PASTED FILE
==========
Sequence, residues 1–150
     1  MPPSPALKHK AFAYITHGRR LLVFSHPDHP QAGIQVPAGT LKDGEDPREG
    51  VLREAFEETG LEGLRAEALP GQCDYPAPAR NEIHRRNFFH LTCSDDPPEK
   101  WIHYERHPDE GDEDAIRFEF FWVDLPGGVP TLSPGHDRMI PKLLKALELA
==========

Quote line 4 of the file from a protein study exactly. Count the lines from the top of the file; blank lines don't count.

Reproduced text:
   101  WIHYERHPDE GDEDAIRFEF FWVDLPGGVP TLSPGHDRMI PKLLKALELA